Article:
Who should use (or consider to use) RØDE Connect?
If you don’t already own a RØDECaster Pro and at least one microphone for it, the RØDE Connect proposal is quite compelling. Assuming you already own a macOS or Windows computer, the only things you may need to purchase will be:
One or more RØDE NT-USB Mini microphone(s) for you and your local panelists.
One WS2 windscreen per microphone. (As explained in my RØDE NT-USB Mini microphone review from June 2020, it sounds great when addressed closely, but really requires the WS2 windscreen to prevent plosives.)
Isolating headphones or earbuds for each RØDE NT-USB Mini microphone.
To avoid bending down, a taller desk stand or flexible boom.
What is different compared with a RØDECaster Pro system?
In addition to saving at least US$599, what other differences are there between a RØDECaster Pro system and a RØDE Connect system?
A RØDECaster Pro has virtual carts (sound pads) with physical buttons to play pre-recorded openings, closings, sound effects and stingers. With a RØDE Connect system, you can use any audio you’d like to play these things. if there will be many different clips, you might consider a professional app like Farrago (US$49).
A RØDECaster Pro has physical sliders and mute buttons, while RØDE Connect only has them on screen.
To facilitate taking conventional phone calls, RØDECaster Pro has two connections to smartphones: one via wireless Bluetooth and the other via TRRS. However, this can be accomplished in your computer with a Skype phone number, a Google Voice number or similar services piped into RØDE Connect.
A RØDECaster Pro allows the freedom to use virtually any microphone(s) with analog output you may already own or prefer. The RØDE Connect system currently gives you only one microphone option: the RØDE NT-USB Mini. For those who really prefer dynamic microphones instead of condenser microphones, RØDE might eventually offer a new dynamic USB microphone that could be compatible with the RØDE Connect software. On the other hand, RØDE might also offer an interface that might accept any XLR mic and be compatible with RØDE Connect. RØDE already offers the RØDE AI–1 which I reviewed in 2018.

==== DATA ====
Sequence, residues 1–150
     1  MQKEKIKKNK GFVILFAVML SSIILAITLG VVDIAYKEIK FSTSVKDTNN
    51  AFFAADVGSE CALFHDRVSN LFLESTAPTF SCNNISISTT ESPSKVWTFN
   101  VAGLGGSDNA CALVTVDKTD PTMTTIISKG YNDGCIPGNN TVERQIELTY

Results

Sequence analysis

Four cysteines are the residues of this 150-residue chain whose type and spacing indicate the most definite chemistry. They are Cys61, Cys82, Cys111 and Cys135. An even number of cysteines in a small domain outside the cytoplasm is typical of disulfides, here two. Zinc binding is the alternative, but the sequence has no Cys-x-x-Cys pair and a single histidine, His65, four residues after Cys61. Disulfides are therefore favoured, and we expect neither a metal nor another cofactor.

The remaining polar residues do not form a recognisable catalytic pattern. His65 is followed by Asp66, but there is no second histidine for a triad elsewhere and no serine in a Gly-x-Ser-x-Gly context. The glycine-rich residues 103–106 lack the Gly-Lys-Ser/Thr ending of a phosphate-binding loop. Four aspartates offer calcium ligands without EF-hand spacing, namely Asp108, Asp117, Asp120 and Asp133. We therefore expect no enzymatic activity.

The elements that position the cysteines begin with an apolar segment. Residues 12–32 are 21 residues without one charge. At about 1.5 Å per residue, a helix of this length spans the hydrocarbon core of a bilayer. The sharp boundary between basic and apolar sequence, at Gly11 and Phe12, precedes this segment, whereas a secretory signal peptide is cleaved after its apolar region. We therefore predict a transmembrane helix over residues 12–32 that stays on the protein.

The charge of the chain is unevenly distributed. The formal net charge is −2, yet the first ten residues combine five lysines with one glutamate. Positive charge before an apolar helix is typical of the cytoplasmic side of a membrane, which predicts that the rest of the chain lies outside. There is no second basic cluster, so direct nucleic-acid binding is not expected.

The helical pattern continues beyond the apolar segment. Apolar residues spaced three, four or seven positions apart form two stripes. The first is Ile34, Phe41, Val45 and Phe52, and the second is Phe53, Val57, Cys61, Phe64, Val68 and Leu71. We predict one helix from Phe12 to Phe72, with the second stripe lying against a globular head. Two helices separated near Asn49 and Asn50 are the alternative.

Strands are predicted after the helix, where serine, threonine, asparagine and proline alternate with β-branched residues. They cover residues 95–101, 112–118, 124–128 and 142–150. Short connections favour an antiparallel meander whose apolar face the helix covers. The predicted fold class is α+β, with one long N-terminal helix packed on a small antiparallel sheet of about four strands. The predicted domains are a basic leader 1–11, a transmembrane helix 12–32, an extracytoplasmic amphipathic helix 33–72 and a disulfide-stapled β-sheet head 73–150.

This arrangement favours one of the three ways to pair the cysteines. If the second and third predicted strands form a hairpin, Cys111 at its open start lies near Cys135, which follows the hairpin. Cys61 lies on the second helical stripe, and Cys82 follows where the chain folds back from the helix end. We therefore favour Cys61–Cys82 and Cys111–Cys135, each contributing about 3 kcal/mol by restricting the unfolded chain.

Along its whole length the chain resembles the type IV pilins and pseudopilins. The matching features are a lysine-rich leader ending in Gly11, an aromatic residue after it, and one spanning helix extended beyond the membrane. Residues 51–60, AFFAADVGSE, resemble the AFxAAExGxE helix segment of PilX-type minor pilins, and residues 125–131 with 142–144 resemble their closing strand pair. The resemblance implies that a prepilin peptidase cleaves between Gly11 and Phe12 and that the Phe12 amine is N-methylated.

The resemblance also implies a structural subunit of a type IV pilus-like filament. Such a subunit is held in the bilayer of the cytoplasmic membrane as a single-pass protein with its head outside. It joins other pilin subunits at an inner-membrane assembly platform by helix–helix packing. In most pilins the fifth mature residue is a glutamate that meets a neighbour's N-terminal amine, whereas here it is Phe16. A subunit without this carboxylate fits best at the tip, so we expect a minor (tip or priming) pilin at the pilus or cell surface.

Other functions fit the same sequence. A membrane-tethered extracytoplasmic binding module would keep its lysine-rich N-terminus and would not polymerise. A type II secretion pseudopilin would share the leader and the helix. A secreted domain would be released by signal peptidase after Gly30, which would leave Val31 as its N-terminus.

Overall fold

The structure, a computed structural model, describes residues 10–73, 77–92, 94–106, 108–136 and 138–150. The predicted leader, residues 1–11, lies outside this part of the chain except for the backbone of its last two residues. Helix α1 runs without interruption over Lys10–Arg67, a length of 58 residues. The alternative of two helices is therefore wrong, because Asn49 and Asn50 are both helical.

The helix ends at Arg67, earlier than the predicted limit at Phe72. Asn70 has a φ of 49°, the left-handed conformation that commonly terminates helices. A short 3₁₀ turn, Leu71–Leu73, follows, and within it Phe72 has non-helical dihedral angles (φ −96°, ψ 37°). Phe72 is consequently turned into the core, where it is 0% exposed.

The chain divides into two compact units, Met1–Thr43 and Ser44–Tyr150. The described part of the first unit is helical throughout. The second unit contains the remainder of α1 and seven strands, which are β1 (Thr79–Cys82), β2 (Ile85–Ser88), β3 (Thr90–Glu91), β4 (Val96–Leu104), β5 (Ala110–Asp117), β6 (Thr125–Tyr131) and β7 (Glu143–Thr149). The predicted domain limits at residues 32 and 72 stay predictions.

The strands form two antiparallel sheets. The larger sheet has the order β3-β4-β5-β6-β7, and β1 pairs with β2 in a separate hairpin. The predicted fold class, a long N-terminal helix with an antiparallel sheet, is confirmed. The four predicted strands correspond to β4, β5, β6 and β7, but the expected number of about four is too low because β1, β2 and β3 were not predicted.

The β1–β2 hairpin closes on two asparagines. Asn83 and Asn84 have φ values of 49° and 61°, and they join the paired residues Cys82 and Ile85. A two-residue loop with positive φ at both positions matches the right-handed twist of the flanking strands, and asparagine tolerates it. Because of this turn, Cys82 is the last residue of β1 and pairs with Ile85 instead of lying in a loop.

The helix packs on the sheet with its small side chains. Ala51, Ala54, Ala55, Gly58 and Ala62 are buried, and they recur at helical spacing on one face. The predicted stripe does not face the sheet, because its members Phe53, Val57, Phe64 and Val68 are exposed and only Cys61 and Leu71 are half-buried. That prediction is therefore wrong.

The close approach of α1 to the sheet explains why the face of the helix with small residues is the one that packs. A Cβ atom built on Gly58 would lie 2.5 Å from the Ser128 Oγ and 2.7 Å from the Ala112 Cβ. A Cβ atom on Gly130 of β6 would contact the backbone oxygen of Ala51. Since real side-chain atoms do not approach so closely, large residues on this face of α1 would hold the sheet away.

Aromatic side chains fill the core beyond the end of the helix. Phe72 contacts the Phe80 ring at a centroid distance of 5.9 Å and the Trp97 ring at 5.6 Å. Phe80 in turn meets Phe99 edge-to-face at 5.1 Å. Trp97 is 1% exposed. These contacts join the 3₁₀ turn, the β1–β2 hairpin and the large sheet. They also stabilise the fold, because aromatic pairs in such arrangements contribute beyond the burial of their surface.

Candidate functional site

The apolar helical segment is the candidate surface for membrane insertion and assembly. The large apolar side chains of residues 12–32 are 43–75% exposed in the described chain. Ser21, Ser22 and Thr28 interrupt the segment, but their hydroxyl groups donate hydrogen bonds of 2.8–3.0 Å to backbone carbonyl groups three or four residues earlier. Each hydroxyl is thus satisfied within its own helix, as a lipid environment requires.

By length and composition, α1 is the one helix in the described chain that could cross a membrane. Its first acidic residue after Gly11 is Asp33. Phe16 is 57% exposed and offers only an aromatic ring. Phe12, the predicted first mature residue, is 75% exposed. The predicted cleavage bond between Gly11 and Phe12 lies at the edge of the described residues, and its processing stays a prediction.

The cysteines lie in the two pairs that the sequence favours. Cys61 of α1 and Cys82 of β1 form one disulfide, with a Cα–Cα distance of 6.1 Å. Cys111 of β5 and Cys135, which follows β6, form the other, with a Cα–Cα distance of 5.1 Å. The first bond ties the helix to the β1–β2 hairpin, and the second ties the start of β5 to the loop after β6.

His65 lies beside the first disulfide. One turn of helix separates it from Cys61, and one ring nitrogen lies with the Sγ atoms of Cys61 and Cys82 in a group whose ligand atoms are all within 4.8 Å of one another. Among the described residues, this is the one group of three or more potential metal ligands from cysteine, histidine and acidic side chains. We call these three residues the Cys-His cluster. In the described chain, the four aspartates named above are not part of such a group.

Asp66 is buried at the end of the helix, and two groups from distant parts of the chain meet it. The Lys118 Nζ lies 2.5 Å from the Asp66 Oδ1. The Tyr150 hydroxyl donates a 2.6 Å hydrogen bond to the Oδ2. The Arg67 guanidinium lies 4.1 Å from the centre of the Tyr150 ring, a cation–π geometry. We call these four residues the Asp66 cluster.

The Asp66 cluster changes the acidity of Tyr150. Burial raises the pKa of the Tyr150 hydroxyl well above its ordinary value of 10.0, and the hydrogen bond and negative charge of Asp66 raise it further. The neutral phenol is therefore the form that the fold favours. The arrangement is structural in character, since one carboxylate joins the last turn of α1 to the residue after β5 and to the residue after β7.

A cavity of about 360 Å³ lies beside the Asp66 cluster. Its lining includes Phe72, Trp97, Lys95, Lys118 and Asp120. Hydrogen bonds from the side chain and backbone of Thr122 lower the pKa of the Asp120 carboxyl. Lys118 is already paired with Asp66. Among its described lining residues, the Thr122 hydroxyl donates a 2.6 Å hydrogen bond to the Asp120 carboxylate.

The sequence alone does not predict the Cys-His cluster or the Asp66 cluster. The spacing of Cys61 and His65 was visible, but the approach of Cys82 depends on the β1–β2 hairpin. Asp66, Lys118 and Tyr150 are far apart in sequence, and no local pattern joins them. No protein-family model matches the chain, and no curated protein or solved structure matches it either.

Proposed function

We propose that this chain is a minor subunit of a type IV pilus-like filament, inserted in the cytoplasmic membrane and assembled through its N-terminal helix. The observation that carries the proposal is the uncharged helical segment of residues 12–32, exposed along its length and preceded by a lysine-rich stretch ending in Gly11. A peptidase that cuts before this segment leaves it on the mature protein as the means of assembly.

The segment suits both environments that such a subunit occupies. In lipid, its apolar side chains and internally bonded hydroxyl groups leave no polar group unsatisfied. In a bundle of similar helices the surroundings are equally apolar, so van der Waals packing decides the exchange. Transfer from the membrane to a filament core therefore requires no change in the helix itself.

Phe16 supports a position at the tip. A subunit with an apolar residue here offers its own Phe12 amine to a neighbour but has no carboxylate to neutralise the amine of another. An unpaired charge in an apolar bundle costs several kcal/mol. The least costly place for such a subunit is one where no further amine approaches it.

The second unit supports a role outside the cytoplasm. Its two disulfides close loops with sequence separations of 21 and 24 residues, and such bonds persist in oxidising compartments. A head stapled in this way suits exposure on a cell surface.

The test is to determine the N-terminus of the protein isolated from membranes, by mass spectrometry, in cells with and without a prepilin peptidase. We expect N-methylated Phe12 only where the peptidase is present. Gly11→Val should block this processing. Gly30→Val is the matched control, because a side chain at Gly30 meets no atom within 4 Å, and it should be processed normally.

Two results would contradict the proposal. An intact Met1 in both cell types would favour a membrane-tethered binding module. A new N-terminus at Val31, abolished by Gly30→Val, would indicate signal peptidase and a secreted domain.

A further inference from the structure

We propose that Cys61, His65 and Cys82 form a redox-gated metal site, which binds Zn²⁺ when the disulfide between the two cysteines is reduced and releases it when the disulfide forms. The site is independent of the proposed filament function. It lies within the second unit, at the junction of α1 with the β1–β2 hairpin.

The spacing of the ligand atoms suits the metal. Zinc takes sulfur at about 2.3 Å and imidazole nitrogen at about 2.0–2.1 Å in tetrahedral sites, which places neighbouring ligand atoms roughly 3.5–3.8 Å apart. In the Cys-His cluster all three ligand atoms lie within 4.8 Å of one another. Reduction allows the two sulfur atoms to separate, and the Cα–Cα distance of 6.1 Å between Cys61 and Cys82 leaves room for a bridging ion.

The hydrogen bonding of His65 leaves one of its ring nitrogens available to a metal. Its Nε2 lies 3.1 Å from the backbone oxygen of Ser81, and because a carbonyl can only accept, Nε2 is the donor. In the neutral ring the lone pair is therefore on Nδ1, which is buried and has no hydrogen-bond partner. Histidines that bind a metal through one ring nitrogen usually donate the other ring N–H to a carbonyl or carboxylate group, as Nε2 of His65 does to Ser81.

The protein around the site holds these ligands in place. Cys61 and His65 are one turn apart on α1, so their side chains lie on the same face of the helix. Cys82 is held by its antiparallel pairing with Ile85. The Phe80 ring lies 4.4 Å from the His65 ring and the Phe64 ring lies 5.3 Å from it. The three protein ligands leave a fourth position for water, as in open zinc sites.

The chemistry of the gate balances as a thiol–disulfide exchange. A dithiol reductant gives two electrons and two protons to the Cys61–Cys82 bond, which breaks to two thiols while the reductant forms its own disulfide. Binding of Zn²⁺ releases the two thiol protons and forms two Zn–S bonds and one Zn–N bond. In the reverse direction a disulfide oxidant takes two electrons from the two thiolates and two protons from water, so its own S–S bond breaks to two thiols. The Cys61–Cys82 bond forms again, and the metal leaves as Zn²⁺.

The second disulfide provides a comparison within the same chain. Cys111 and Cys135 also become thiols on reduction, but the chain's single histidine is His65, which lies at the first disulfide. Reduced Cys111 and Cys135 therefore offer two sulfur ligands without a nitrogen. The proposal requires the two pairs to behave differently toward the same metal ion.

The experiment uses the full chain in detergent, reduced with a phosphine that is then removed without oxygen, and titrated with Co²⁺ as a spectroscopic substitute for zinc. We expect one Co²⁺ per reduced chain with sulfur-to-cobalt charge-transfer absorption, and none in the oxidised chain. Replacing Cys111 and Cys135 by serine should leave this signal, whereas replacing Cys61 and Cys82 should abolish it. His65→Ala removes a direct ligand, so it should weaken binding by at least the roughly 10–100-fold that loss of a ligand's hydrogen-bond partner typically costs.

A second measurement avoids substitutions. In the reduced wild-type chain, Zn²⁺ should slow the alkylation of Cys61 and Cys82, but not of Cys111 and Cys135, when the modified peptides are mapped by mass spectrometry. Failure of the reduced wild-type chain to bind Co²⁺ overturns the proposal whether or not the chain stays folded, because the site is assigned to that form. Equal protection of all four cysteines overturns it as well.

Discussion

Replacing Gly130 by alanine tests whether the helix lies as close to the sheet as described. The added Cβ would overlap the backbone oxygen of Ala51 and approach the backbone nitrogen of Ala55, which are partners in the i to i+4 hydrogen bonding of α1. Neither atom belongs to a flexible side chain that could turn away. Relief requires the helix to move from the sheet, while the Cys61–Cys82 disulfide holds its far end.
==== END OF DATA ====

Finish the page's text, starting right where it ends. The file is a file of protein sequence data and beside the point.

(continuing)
Regarding cabling, remember that if you are going to connect four (4) RØDE NT-USB Mini microphones to your computer, that will mean you’ll need four USB ports to the computer, not counting any other USB device you may be connecting, i.e. an external keyboard, external pointing device device (i.e. Apple Magic Trackpad 2, reviewed here). Therefore, you may need a USB hub to connect them all.
New, optional accessories released for your use with the RØDE Connect program and RØDE NT-USB Mini mics
COLORS to mark each microphone and cable (illustrated above).
New USB cables
What I would like RØDE to improve in a future update of RØDE Connect